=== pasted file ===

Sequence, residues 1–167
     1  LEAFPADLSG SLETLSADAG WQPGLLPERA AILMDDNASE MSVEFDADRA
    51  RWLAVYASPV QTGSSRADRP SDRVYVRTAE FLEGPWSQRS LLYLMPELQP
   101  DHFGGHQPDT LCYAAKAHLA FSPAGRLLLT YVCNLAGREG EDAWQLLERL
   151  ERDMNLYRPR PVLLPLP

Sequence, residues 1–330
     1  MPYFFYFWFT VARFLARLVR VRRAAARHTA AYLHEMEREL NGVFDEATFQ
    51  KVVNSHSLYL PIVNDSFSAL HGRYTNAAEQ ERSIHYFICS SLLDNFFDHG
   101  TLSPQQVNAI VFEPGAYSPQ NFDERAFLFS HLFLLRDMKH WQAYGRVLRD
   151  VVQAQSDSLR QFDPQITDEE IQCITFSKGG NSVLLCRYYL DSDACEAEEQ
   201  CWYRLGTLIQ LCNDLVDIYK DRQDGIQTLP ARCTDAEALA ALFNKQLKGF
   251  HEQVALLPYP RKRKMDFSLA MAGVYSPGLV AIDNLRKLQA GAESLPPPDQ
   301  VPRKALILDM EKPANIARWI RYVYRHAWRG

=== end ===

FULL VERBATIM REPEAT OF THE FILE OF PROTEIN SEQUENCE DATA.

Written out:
Sequence, residues 1–167
     1  LEAFPADLSG SLETLSADAG WQPGLLPERA AILMDDNASE MSVEFDADRA
    51  RWLAVYASPV QTGSSRADRP SDRVYVRTAE FLEGPWSQRS LLYLMPELQP
   101  DHFGGHQPDT LCYAAKAHLA FSPAGRLLLT YVCNLAGREG EDAWQLLERL
   151  ERDMNLYRPR PVLLPLP

Sequence, residues 1–330
     1  MPYFFYFWFT VARFLARLVR VRRAAARHTA AYLHEMEREL NGVFDEATFQ
    51  KVVNSHSLYL PIVNDSFSAL HGRYTNAAEQ ERSIHYFICS SLLDNFFDHG
   101  TLSPQQVNAI VFEPGAYSPQ NFDERAFLFS HLFLLRDMKH WQAYGRVLRD
   151  VVQAQSDSLR QFDPQITDEE IQCITFSKGG NSVLLCRYYL DSDACEAEEQ
   201  CWYRLGTLIQ LCNDLVDIYK DRQDGIQTLP ARCTDAEALA ALFNKQLKGF
   251  HEQVALLPYP RKRKMDFSLA MAGVYSPGLV AIDNLRKLQA GAESLPPPDQ
   301  VPRKALILDM EKPANIARWI RYVYRHAWRG